Article

Human Papillomavirus Testing and Liquid-Based Cytology: Results at Recruitment From the New Technologies for Cervical Cancer Randomized Controlled Trial

Unit of Cancer Epidemiology, Centro per la Prevenzione Oncologica Piemonte, 10123 Turin, Italy.
Journal of the National Cancer Institute (Impact Factor: 12.58). 06/2006; 98(11):765-74. DOI: 10.1093/jnci/djj209
Source: PubMed

ABSTRACT

Although testing for human papillomavirus (HPV) has higher sensitivity and lower specificity than cytology alone for detecting cervical intraepithelial neoplasia (CIN), studies comparing conventional and liquid-based cytology have had conflicting results.
In the first phase of a two-phase multicenter randomized controlled trial, women aged 35-60 years in the conventional arm (n = 16,658) were screened using conventional cytology, and women in the experimental arm (n = 16,706) had liquid-based cytology and were tested for high-risk HPV types using the Hybrid Capture 2 assay. Women in the conventional arm were referred to colposcopy with atypical cells of undetermined significance (ASCUS) or higher and those in the experimental arm were referred with ASCUS or higher cytology or with a positive (> or = 1 pg/mL) HPV test. Sensitivity and positive predictive value (PPV) for detection of cervical intraepithelial neoplasia grade 2 or higher (CIN2+) were calculated.
The screening methods and referral criterion applied in the experimental arm had higher sensitivity than that in the conventional arm (relative sensitivity = 1.47; 95% confidence interval [CI] = 1.03 to 2.09) but a lower PPV (relative PPV = 0.40; 95% CI = 0.23 to 0.66). With HPV testing alone at > or = 1 pg/mL and at > or = 2 pg/mL, the gain in sensitivity compared with the conventional arm remained similar (relative sensitivity = 1.43, 95% CI = 1.00 to 2.04 and relative sensitivity = 1.41, 95% CI = 0.98 to 2.01, respectively) but PPV progressively improved (relative PPV = 0.58, 95% CI = 0.33 to 0.98 and relative PPV = 0.75, 95% CI = 0.45 and 1.27, respectively). Referral based on liquid-based cytology alone did not increase sensitivity compared with conventional cytology (relative sensitivity = 1.06; 95% CI = 0.72 to 1.55) but reduced PPV (relative PPV = 0.57; 95% CI = 0.39 to 0.82).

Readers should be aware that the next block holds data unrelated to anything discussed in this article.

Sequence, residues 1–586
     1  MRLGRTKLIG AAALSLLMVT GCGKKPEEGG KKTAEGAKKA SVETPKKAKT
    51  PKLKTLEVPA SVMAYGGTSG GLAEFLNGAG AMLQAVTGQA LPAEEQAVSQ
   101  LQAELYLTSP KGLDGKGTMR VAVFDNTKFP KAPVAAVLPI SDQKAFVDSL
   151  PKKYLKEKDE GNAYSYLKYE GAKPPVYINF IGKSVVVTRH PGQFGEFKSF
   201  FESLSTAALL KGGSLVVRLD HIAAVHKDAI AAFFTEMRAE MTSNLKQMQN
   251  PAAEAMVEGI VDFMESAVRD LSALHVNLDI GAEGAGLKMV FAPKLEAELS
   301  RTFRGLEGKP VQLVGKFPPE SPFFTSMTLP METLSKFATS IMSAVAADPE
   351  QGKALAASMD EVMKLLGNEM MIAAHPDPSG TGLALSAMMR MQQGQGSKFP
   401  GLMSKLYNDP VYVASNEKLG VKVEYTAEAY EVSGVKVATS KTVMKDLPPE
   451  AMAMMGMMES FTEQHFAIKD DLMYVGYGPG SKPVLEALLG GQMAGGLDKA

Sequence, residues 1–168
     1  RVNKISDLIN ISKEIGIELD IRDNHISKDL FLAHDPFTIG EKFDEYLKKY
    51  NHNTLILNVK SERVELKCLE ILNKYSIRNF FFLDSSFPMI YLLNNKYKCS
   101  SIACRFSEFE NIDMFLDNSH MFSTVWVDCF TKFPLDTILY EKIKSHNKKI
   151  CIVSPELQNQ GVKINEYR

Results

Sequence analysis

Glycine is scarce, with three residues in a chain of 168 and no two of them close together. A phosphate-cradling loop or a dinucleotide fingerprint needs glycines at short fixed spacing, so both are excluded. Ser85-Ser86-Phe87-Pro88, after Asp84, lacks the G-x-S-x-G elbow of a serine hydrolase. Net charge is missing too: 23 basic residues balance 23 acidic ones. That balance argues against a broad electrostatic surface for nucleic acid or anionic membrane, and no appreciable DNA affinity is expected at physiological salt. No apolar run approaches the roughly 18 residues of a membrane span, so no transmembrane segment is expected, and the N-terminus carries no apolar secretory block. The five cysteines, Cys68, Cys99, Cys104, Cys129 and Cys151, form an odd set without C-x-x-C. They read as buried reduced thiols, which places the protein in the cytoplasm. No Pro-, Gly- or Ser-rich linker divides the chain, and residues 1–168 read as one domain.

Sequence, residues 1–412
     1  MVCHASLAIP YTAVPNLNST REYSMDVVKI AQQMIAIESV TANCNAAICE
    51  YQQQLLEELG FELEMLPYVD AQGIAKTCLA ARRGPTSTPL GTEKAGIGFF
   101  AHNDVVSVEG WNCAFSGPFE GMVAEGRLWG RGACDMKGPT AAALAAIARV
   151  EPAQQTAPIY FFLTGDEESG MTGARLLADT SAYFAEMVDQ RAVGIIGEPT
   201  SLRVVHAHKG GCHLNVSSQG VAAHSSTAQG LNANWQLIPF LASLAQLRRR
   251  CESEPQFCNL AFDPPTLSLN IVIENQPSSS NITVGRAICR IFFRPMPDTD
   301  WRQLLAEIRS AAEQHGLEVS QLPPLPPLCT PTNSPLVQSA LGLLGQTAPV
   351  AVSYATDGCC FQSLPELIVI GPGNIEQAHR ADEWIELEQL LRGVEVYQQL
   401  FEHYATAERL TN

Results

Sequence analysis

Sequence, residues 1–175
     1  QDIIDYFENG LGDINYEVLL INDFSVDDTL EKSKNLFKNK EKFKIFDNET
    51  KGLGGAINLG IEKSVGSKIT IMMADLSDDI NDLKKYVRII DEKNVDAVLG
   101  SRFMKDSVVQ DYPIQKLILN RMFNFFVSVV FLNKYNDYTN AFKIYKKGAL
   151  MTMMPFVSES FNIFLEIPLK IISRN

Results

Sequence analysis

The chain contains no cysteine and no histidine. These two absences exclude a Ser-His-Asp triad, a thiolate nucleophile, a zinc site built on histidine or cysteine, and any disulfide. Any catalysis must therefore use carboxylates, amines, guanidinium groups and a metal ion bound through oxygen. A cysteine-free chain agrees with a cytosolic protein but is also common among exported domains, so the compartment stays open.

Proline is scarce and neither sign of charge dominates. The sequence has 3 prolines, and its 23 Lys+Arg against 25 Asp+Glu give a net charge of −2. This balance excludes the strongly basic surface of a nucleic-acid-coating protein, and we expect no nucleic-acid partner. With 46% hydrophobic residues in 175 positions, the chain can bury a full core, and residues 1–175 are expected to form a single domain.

HPV testing alone was more sensitive than conventional cytology among women 35-60 years old. Adding liquid-based cytology improved sensitivity only marginally but increased false-positives. HPV testing using Hybrid Capture 2 with a 2 pg/mL cutoff may be more appropriate than a 1 pg/mL cutoff for primary cervical cancer screening.

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    • "The biopsy rate was doubled (rate ratio 2.24; 95%CI: 2.09– 2.39) in the NTCC trial, where all HPV-positive women were directly referred for colposcopy, while it was not increased in studies using cytological triage (POBASCAM, Swedescreen, ARTISTIC) [141] (level of evidence: I). Co-testing of all women with both HPV and cytology compared with primary HPV testing alone led to increased unnecessary colposcopy [142,143] (level of evidence: I). As the efficacy results were similar, the data support the use of the least extensive strategy (primary HPV screening with triaging by cytology before referral) (level of evidence I). "
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    • "In the current study, the HPV E6/E7 mRNA test was negative in 28.1% of histologically confirmed ≥Grade 2 cervical intraepithelial neoplasia cases. It is assumed that some ≥Grade 2 cervical intraepithelial neoplasia cases may clear their infections or cell abnormalities spontaneously restraining E6/E7 mRNA expression (Ronco et al., 2006Ronco et al., , 2007 Confortini et al., 2010), but they require time to recover completely. It is therefore possible that ≥Grade 2 cervical intraepithelial neoplasia cases with negative E6/E7 transcripts could be more likely to regress or less likely to progress toward cancer, as HPV infection could have been cleared or viral gene expression is very low. "
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